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Burman, M. E., Robinson, B., & Hart, A. M. (2013). Linking evidence-based nursing practice and patient-centered care through patient preferences. Nursing Administration Quarterly, 37(3), 231–241. doi: 10.1097/NAQ.0b013e318295ed6b Chilcote, D. (2017). Intuition: A concept analysis. Nursing Forum, 52(1), 62–66. Cortez-Gann, J., Gilmore, K. D., Foley, K. Q., Kennedy, M. B., McGee, T., & Kring, D. (2017). Blood transfusion vital sign frequency: What does the evidence say? MEDSURG Nursing, 26(2), 89–92. Cumulative Index of Nursing and Allied Health library database. (2018). Evidence-Based Care Sheets. Retrieved from http://research.library.gsu.edu/c.php?g=115819&p=753890 Davoli, M., Amato, L., Clark, N., Farrell, M., Hickman, S. Hill, Magrini, N., Poznyak, V., & Holger, J. S. (2014). The role of Cochrane reviews in informing international guidelines: A case study of using the grading of recommendations, assessment, development, and evaluation system to develop World Health Organization guidelines for the psychosocially assisted pharmacological treatment of opioid dependence. Society for the Study of Addiction, 110, 891–898. Dogherty, E. J., Harrison, M. B., Graham, I. D., Vandyk, A. D., & Keeping-Burke, L. (2013). Turning knowledge into action at the point-of-care: The collective experience of nurses facilitating the implementation of evidence-based practice. Worldviews on Evidence-Based Nursing, 10(3), 129–135. Eaton, L. H., Meins, A. R., Mitchell, P. H., Voss, J., & Doorenbos, A. Z. (2015). Evidence-based practice beliefs and behaviors of nurses providing cancer pain management: A mixed-methods approach. Oncology Nursing Forum, 42(2), 165–172. Farokhzadian, J., Khajouei, R., & Ahmadian, L. (2015). Evaluating factors associated with implementing evidence-based practice in nursing. Journal of Evaluation in Clinical Practice: International Journal of Public Health Policy and Health Services Research, 21, 1107–1113. Finkelman, A., & Kenner, C. (2016). Professional nursing concepts: Competencies for quality leadership (3rd ed.). Burlington, MA: Jones & Bartlett Learning. Finney, A., Johnson, K., Duffy, H., & Krysia, D. (2016). Critically appraised topics (CATs): A method of integrating best evidence into general practice nursing. Practice Nurse, 46(3), 32–34. Fothergill, A., & Lipp, A. (2014). A guide to critiquing a research paper on clinical supervision: Enhancing skills for practice. Journal of Psychiatric and Mental Health Nursing, 21(9), 834–840. Hain, D. J., & Kear, T. M. (2015). Using evidence-based practice to move beyond doing things the way we have always done them. Nephrology Nursing Journal, 42(1), 11–21. Hanna, K. M., Weaver, M. T., Slaven, J. F., Fortenberry, J. D., & DiMeglio, L. A. (2014). Diabetesrelated quality of life and the demands and burdens of diabetes care among emerging adults with type 1 diabetes in the year after high school graduation. Research Nursing & Health, 37, 399–408. doi: 10.1002/nur.21620 Hannele S., & Vehviläinen-Julkunen, K. (2016). The state of readiness for evidence-based practice among nurses: An integrative review. The International Journal of Nursing Studies, 56, 128–140. Harper, M. G., Gallagher-Ford, L., Warren, J. I., Troseth, M., Sinnott, L. T., Thomas, B. K. (2017). Evidence-based practice and U.S. healthcare outcomes. Journal for Nurses in Professional Development, 33(4), 170–179. Harvey Cushing/John Hay Whitney Medical Library. (n.d.). Evidence-based practice (EBP) resources. Retrieved from http://guides.library.yale.edu/EBP Hauk, S., Winsett, R. P., & Kuric, J. (2012). Leadership facilitation strategies to establish evidencebased practice in an acute care hospital. Journal of Advanced Nursing, 69(3), 664–674. doi: 10.1111/j.1365-2648.2012.06053.x Institute of Medicine. (2002). Health Professions Education Summit: Report of activity. Retrieved from http://www.iom.edu/Activities/Workforce/HealthProfessionsED/2002-Jun-17.aspx Institute of Medicine. (2009). Roundtable on Evidence-Based Medicine: Charter and mission statement. Retrieved from http://www.ncbi.nlm.nih.gov/books/NBK52847/ Institute of Medicine. (2010). The future of nursing: Leading change, advancing health. Retrieved from http://www.nationalacademies.org/hmd/Reports/2010/The-Future-of-Nursing-Leading -Change-Advancing-Health.aspx Institute of Medicine. (2015). Assessing the Progress on the IOM Report. Retrieved from http:// www.nationalacademies.org/hmd/Reports/2015/Assessing-Progress-on-the-IOM-Report -The-Future-of-Nursing.aspx Irwin, M., Berkman, R., & Richards, R. (2013). The experience of implementing evidence-based practice change: A qualitative analysis. Clinical Journal of Oncology Nursing, 17(5), 544–549.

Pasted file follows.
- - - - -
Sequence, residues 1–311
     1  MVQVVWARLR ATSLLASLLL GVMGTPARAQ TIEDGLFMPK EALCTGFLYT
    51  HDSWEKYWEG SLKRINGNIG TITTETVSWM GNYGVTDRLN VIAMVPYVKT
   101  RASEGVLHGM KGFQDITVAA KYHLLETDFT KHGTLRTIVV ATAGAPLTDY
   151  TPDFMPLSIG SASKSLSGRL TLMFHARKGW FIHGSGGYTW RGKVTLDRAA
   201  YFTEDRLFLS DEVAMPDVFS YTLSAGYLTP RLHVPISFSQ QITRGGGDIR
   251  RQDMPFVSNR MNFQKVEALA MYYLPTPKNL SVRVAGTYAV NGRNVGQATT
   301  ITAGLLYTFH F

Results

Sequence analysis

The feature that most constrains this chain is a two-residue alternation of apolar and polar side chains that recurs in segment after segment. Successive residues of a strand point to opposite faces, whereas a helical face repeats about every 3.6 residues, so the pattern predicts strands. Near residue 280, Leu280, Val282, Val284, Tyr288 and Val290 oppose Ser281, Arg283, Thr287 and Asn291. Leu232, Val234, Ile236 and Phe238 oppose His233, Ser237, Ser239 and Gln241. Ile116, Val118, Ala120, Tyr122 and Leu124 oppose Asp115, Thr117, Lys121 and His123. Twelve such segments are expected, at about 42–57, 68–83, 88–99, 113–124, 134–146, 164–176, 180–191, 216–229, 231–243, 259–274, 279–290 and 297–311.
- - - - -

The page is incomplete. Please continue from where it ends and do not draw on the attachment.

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Iverson, K. N., Huang, K., Wells, S. Y., Wright, J. D., Gerber, M. R., & Wiltsey-Stirman, S. (2014). Women veterans’ preferences for intimate partner violence screening and response procedures within the Veterans Health Administration. Research Nursing & Health, 37, 302–311. doi: 10.1002 /nur.21602 Joanna Briggs Institute. (2012a). Grades of recommendation. Retrieved from http://joannabriggs .org/jbi-approach.html#tabbed-nav=Grades-of-Recommendation Joanna Briggs Institute. (2012b). Levels of evidence FAME. Retrieved from http://joannabriggs.org /jbi-approach.html#tabbed-nav=Levels-of-Evidence Johnston B., Coole, C., Narayansamy, M., Feakes, R. Whitworth, G., Tyrrell, T. & Hardy, B. (2016). Exploring the barriers to and facilitators of implementing research into practice. British Journal of Community Nursing, 21(9), 392–399. Kander, M. (2014). How medical reimbursement works in skilled nursing facilities. The ASHA LEADER, 19, 26–27. Kwan, T. M., & Sullivan, M. (2017). The use of intravenous ibuprofen and intravenous acetaminophen in surgical patients and the effect on opioid reduction. MEDSURG Nursing, 26(2), 124–131. Lavizzo-Mourey, R. (2015). Joint statement on the Institute of Medicine’s progress report on The Future of Nursing. Retrieved from https://www.rwjf.org/en/library/articles-and-news/2015/12 /statement-on-nursing-report.html Lee, M. C., Johnson, K. L., Newhouse, R. P., & Warren, J. I. (2013). Evidence-based practice process quality assessment: EPQA guidelines. Worldviews on Evidence-Based Nursing 10(3), 140–149. Loversidge, J. (2016). A call for extending the utility of evidence-based practice: Adapting EBP for health policy impact. Worldviews on Evidence-Based Nursing, 13(6), 399–401. Makic, M. B. F., Rauen, C., Watson, R., & Poteet, A. W. (2014). Examining the evidence to guide practice: Challenging practice habits. Critical Care Nurse, 34(2), 28–44. Melnyk, B. M., & Fineout-Overholt, E. (2015). Evidence-based practice in nursing & healthcare: A guide to best practice (3rd ed.). Philadelphia, PA: Wolters Kluwer. Melnyk, B. M., Gallagher-Ford, L., & Fineout-Overholt, E. (2017). Implementing the evidence-based practice (EBP) competencies in healthcare: A practical guide for improving quality, safety, & outcomes. Sigma Theta Tau International. Mick, J. (2015). Addition of a decision point in evidence-based practice process steps to distinguish EBP, research and quality improvement methodologies. Worldviews on Evidence-Based Nursing, 12(3), 179–181. Milstead, J. A. (2016). Health policy and politics (5th ed.). Burlington, MA: Jones & Bartlett Learning. Nickitas, D. M., & Mensik, J. (2015). Exploring nurse staffing through excellence: A data-driven model. Nurse Leader, 13(1), 40–47. doi: 10.1016/j.mni.2014.1.1.006 Nickitas, D. M., Middaugh, D. J., & Aries, N. (2016). Policy and politics for nurses and other health professionals (2nd ed.). Burlington, MA: Jones & Bartlett Learning. Nursing Alliance for Quality Care. (2016). Retrieved from http://www.naqc.org Peterson, M. H., Barnason, S., Donnelly, B., Hill, K., Miley, H., & Whiteman, K. (2014). Choosing the best evidence to guide clinical practice: Application of AACN levels of evidence. Critical Care Nurse, 34(2), 58–68. Polit, D. F., & Beck, C. T (2017). Nursing research: Generating and assessing evidence for nursing practice (10th ed.). Philadelphia, PA: Wolters Kluwer/Lippincott Williams & Wilkins. Rosswurm, M. A., & Larrabee, J. H. (2007). A model for change to evidence-based practice. Image: The Journal of Nursing Scholarship, 31(4). Retrieved from https://doi.org/10.1111/j.1547-5369 .1999.tb00510.x Savage, C. L., Kub, J. E., & Groves, S. L. (2016). Public health science and nursing practice: Caring for populations. Philadelphia, PA: F.A. Davis Company. Schreiber, J. A. (2013). Beyond evidence-based practice-achieving fundamental changes in research and practice. Oncology Nursing Forum, 40(3), 208–210. Steelman, V. M., Pape, T., King, C. A., Graling, P., & Gaberson, K. B. (2011). Selection of a method to rate the strength of scientific evidence for AORN recommendations. AORN Journal, 93(4), 433–444. Stevens, K. (2013). The impact of evidence-based practice in nursing and the next big ideas. OJIN: The Online Journal of Issues in Nursing, 18(2), 4.